when i was 11 or 12 years old, we spent a family holiday in marakesh, morocco, during fall. i remember it very well. we stayed at a lovely hotel, complete with lines of palm trees everywhere, different restaurants and sitting zones, a splendid pool area and a vast golf course. i have fond memories of the souk, where we bought some arabesque silver plates and tea pots for being able to serve food and drink in that dreamy manner of one thousand and one nights. i remember the custom of serving the (very sweet and tasty) fresh hot mint tea by pouring it into the glass cups from high above the guests’ heads, with the aim to provide as many bubbles as possible. the more bubbles, so the belief, the more welcome a guest is. and, oh, i remember the food…
i remember we had lovely tajines and couscous every night, served in large, colorful, beautifully ornamented clay pots. and a vast selection of mezze. pomegranate seeds sprinkeled on just about anything, the colors amazing. and i remember… rice briouats. rice briouats are filo pastries, shaped like little spring rolls, filled with sweet, cinnamony, orange-blossom fragrant rice pudding, baked in the oven. they were dusted in confectioners sugar, and dipped in hot melted honey… it was divine. my dreams are still made up of those.
it’s evident: ever since morocco, i was hooked on middle eastern food. my mom used to cook a great deal of middle eastern dishes when i was a kid, so i sort of got used to it from early on. for me it’s kind of normal to inocorporate a few middle eastern dishes into my cooking repertoire. now, rice briouats (sadly) aren’t something you would end up doing every day (and probably shouldn’t include in your daily diet, either…). but tajine, i guess their quite healthy (as healthy dishes go).
side comment: the last thing i want to do is offend anyone with my cooking. i guess in the real middle eastern kitchen world, or the tajine world, to be specific, this here recipe would probably just be a funny joke. you probably wouldn’t even add butternut squash to it? who knows. but the idea of a tajine is transported quite well: it’s spicey, fragrant, zingy and comforting – all in one. in other words: good food for cold nights.
moroccan butternut squash tajine
1/2 butternut squash, diced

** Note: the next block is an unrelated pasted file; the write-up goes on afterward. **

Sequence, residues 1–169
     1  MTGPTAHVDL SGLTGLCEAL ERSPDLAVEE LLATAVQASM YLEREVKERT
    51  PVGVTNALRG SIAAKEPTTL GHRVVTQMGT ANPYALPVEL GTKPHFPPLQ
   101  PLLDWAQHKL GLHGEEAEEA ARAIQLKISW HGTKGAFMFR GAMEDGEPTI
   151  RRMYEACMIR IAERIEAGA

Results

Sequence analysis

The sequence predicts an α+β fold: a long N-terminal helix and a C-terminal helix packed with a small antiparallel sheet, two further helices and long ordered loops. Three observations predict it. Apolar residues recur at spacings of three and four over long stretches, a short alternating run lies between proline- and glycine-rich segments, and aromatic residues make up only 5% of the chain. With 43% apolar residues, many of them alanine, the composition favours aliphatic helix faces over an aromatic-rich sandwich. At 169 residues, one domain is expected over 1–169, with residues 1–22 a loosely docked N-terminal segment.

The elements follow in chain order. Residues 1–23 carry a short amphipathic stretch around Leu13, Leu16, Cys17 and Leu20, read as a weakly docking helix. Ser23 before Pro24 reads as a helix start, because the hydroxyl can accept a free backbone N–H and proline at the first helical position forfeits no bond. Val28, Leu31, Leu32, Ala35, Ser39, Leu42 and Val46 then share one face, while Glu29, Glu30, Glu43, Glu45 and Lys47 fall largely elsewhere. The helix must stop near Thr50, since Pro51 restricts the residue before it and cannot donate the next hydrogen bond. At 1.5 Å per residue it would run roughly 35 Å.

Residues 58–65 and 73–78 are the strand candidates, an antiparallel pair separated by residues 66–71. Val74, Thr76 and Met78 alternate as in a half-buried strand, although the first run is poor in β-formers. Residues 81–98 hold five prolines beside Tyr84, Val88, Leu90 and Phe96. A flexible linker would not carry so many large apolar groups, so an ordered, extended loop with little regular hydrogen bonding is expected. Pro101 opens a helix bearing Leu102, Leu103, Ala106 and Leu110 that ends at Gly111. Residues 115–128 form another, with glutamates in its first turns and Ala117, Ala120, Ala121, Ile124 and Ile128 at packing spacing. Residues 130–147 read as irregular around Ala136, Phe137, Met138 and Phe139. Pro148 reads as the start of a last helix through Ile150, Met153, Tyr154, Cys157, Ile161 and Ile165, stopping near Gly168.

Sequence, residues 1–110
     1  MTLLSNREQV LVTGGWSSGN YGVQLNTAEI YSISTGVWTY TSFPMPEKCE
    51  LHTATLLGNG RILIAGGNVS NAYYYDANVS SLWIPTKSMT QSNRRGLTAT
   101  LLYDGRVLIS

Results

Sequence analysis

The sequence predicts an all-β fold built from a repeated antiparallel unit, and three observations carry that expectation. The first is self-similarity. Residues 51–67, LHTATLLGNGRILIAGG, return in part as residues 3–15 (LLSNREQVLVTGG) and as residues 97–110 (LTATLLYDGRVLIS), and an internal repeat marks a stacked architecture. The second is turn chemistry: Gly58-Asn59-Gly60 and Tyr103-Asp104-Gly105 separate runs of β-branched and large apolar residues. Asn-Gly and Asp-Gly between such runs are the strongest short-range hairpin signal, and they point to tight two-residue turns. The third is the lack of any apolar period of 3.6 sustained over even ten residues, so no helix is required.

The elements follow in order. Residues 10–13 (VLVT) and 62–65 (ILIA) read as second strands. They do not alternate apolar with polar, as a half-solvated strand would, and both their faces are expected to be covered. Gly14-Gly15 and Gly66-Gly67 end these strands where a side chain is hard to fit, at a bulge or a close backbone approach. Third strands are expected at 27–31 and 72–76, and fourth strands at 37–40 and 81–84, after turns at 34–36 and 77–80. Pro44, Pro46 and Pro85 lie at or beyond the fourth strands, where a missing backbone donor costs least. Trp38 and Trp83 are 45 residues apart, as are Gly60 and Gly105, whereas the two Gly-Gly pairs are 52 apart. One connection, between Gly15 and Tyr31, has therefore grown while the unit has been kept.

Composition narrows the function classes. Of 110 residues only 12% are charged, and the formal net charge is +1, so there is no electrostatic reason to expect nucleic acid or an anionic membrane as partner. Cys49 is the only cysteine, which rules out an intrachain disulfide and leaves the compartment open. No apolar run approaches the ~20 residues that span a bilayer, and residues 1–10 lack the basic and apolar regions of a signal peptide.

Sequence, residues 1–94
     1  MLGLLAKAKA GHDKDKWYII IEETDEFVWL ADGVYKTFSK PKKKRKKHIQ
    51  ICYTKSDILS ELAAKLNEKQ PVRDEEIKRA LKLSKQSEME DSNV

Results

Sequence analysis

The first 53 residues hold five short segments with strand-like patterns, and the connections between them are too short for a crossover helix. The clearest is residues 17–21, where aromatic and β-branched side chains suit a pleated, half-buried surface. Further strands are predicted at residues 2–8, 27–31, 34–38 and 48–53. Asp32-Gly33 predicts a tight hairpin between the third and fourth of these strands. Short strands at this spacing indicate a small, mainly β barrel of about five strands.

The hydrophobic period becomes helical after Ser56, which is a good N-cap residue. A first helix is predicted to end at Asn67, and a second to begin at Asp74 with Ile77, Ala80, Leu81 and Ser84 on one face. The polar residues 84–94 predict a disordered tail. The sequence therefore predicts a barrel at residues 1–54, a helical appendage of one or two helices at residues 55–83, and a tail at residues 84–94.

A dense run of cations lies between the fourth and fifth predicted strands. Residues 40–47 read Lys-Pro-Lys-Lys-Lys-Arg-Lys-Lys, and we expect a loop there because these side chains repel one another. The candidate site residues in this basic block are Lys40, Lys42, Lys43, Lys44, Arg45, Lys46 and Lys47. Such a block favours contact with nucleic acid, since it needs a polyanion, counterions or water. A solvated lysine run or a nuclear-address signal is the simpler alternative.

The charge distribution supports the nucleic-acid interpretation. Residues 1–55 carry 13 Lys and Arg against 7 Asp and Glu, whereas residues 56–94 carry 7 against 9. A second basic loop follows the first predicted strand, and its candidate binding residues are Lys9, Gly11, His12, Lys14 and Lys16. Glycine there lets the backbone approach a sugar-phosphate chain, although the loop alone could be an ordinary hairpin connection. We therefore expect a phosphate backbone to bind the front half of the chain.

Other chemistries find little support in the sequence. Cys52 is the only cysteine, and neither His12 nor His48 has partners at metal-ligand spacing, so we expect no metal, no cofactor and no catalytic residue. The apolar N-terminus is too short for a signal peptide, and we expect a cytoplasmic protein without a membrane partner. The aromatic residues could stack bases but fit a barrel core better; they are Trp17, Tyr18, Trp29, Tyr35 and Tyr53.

2 red potatoes, diced
2 carrots, cut into diagonal slices
1 small can chickpeas, drained and washed
1 small can chopped pelati tomatoes
1 large white onion, diced
2 cups vegetable broth
3 tbsp. olive oil
1 pinch hot paprika
1 tsp. sweet paprika
1 tbsp. ground cumin (of this, i feel, you can hardly ever add too much)
1 tsp. ras el hanout spice mix
1 pinch urfa chili or other sweet chili flakes
1 pinch ground cinnamon
1 lemon, zest and juice
1 tsp. maldon sea salt
cilantro leaves, coarsely chopped
parsley leaves, coarsely chopped
1 cup couscous
2 cups vegetable broth
preheat the oven to 220 degrees celsius. spread the butternut squash, potato and carrots evenly on a baking sheet lined with parchment paper. coat with a drizzle of olive oil and season with a pinch of salt. bake for 30 minutes, until the edges of the vegs are slightly browned. the separate roasting process adds more flavor and a nice change of color (which, all tone in tone orange, might otherwise look a bit dull).
in the meantime, heat the olive oil in a large saucepan. sweat the onion for a bit, until translucent. add the spices to sweat: hot and sweet paprika, cumin and the ras el hanout. deglaze with the broth and the canned tomatoes. add the chickpeas and the leftover spices, cinnamon and chili, as well as the lemon zest. when the roasted vegetables are done, add them to the tomato-chickpea mix. heat through for 2 to 3 minutes. at the end of the cooking, season to taste with more salt, and add the lemon juice.
also, prepare the couscous according to directions. in my case, it meant boiling the double amount of water (i used vegetable broth), then adding the couscous, removing the pan from the heat but cover the lid and let steam for 10 minutes. i added a generous drizzle of olive oil – some butter would be fine too – to prevent it from sticking together.
assemble everything: add the couscous to a bowl, on one side. place the tajine on the other side. sprinkle with the herbs. serve hot.
notes: you can prepare the tajine ahead, simply reheat it and add the lemon juice only at the end of the cooking. i sometimes even feel that it’s even better reheated the next day, maybe because the flavors develop more. serve it with a dollop of natural greek yogurt. and if you have some dried apricots around, add them to the tajine, too. they give it a nice, fruity, sweet flavor addition that tastes just that little bit (even more) arab… sweet dreams of 1001 nights! xo
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